John Stanton, chair of Food Marketing at St. Joseph’s University in Philadelphia, believes supermarkets do not do enough to sell items in the deli area, falling into the trap of simply conveying information rather than telling customers a compelling story that might capture their attention. More supermarket delis should mimic the best waiters who are able to tell “wonderful stories” about items on their menus to captivate and convince diners rather than “allowing customers to determine their own frame of references,” he says.

“We’re assuming they already have awareness, and we’re relying too much on what we think people already feel about our products,” Stanton says. 

Cappelli says consumers buy with their eyes, and Don’s Prepared Foods has emphasized colorful packaging that pops in the deli case for the globally-inspired new products it has introduced in recent years. He notes that the supermarket deli area remains a bit unstable, offering a mixed bag of layouts and approaches due to the pandemic; for instance, some have brought salad, olive and hot food bars back while others continue to wait.

Zwanka says the packaged salads section is a critical component of the deli for supermarkets. An appealing array of packaged salads not only means increased revenues for the store, but it also helps to ease congestion at the deli counter and prevents too many customers from waiting in line for salads to be scooped for them. 

Zwanka says there are important merchandising practices for supermarket delis to practice to spark interest in deli salad offerings. Some are simple and just require proper training for team members.

“The best merchandising practices are a constant stirring of the salad in the service case,” Zwanka says. “They have to look fresh and vibrant.”  

In addition, employees managing the deli case need to be prepared to take advantage of opportunities to help push deli salads to customers whenever opportunities arise, which can be often.

“Of course, always ask anyone buying anything in the service case what else they want with it,” Zwanka says. “‘Do you want some deli salad with this roast beef?’ should be ingrained in everyone’s head.”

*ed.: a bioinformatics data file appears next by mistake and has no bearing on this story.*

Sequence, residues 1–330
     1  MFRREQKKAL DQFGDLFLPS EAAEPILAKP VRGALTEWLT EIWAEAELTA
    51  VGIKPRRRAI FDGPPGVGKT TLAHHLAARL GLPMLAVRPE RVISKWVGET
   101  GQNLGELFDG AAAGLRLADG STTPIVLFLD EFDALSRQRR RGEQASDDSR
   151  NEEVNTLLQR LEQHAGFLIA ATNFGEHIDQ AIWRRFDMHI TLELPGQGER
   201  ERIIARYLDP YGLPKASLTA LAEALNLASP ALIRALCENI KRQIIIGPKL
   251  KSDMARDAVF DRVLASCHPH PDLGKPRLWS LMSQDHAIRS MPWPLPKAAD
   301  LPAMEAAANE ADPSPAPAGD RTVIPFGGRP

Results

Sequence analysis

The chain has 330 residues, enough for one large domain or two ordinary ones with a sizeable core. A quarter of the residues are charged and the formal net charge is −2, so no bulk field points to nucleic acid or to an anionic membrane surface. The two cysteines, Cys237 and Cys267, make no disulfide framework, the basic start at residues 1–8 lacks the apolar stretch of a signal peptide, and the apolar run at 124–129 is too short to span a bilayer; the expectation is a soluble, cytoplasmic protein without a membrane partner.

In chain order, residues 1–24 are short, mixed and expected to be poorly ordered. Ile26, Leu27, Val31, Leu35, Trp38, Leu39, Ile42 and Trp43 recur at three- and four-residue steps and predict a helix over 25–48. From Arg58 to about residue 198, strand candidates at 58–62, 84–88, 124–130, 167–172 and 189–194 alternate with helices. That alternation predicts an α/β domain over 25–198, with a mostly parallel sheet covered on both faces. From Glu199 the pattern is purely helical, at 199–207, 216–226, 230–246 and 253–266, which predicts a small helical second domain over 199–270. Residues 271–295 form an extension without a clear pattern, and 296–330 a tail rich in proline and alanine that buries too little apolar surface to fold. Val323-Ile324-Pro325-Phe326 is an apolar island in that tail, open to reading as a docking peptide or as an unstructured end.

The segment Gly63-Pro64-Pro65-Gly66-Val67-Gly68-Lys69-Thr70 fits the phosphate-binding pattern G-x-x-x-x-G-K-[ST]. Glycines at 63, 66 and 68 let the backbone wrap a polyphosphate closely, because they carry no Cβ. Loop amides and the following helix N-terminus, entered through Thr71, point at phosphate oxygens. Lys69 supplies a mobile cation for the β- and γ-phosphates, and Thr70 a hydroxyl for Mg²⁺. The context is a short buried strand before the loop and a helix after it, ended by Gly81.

Occasions and Hybrids

In terms of marketing hooks, Zwanka says deli salads remain an excellent item for summer gatherings, and stores and brands can look for opportunities to draw on that connection. The popularity of deli salads as part of parties and other social events gives store brands an advantage. It’s no wonder, Zwanka says, that store brands are dominant among deli salads in the supermarket.

“It’s difficult to differentiate anything about these salads, so most customers are fine with a store brand,” Zwanka says. “It’s being served at parties or gatherings, so store brands fit the need.”

Zwanka adds that bulk packaged salads offer versatility and portion control and the ability to take a higher-calorie, higher-fat one and mix it with something else to balance it out.

The way customers consume salads has evolved, as more of them treat the prepared food they buy in the store as a starting point for their own creations.

“Many customers have turned to deli salads as a ‘base,’ then [they] add their own vegetables or protein,” Zwanka says.

Jonna Parker with Chicago-based IRI says in an IDDBA report this year that deli market trends show that the deli area “now plays a big role in both every day and holiday meal occasions.” That is good news for deli-prepared salads that can make for a natural fit for either circumstance, versatile enough to be involved in a variety of meals and simple and fuss-free to prepare. “Deli salads align with a trend that anything that saves people time and provides an easy entertaining solution is doing very well throughout the store,” Parker says.

Cappelli says it is crucial to understand that when consumers meander through a supermarket deli they are looking for meal solutions. They want to be educated, nudged and helped to new ideas and options. Retailers with more colorful and unique sides have an important weapon in their arsenal.

As part of that guidance, Cappelli is seeing more retailers scooping out deli salads and assembling them with other complimentary items to help show customers the range of opportunities for how the items can be eaten.

“Showing consumers a meal solution is really a great way to go as far as marketing and merchandising salads,” Cappelli says. “Those are important steps for retailers to take, so that it’s not just about seeing the salads behind the glass but bringing it out from behind that glass and showing them how to use it.”

For deli salads and other related items, Parker sees potential for future growth.

“We see huge growth in everything that is convenience-focused, not just in preparation, but in all steps from planning and shopping to preparation and cleanup,” Parker says. “I would love to see deli prepared and entertaining work more closely with the meat and produce departments to provide solutions for the common hybrid meal approach—meaning shoppers do some cooking on their own in combination with easy heat-and-eat solutions. Value-added is trending extremely well in both meat and produce, and providing cross-functional solutions is something consumers would value greatly.”

The deli salad field has been invigorated with new ideas and new products in recent years and continuing on that path appears to be its best hope for that growth to build.

“We believe innovation will drive the future deli salad category—from innovating products within traditional product segments, to pushing boundaries with creative line extensions, to opening up completely new segments,” Roe says.